Consistent with our theme of 'sense, senses and sensibilities', we do a lot of one-on-one interviewing at Susan Bell Research. I do love one-on-one interviewing because you get to know people in a way that you never can in a group discussion, whatever the format.
Here is a brief summary of the one-day course that I gave on one-on-one interviewing at the AMSRS Winter School in July 2015.It was really interesting to learn that many of the course delegates are doing more and more one-on-one interviews by phone rather than face to face, with relatively little use of technology, so far anyway.
I ran a course at AMSRS Winter School yesterday and came away very impressed with the next generation of market and social researchers.
Our topic was one-on-ones, so we mostly talked about qual. Several people there had just a few years' experience in research yet they seemed fully cognizant of the whole range of qual techniques, and had used many of them. Not only that, they were very committed to choosing the right method for the objectives and maintaining very high ethical standards - raising topics such as privacy, confidentiality, and dealing with sensitive issues. I was impressed.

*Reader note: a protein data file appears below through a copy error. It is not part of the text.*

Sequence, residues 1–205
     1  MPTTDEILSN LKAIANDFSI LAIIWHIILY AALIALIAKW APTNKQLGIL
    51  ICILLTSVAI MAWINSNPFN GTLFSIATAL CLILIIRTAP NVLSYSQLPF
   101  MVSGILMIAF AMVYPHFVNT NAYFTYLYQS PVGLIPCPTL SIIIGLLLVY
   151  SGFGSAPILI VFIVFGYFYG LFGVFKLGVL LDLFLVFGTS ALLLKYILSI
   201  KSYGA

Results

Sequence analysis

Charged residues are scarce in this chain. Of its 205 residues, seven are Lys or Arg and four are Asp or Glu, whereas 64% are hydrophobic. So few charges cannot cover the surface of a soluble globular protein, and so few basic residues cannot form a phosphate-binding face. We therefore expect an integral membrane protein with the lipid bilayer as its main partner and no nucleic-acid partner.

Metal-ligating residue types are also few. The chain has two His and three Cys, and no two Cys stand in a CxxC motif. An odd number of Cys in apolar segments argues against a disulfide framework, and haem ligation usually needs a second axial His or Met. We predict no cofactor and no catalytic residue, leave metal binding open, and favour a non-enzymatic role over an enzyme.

According to the GRIT survey, mobile (or 'digital') ethnography is one of the top 20 emerging techniques in 2014.
Sue and Lynne Freeman started experimenting with digital ethnography last Christmas. Here, Lynne talks about what was learnt.
Flex MR is world-leading online market research platform that we like to work with. Here is a blog post from them on the important topic of innovation
Does your business have competitive advantage that ensures a strong position in the market and can you keep it? This is one of those questions that can give a business person nightmares, but at the same time it is (probably) one of those few questions that any businessperson asks themselves again and again.
The Christmas meal is a complex symbol rich with meaning.
The Esomar publication RW Connect has published a semiotic analysis of how women are depicted in the media at Christmas in the UK and Australia co-authored by Susan Bell and Lynne Freeman. It shows that women have been depicted as the invisible architects of a feast.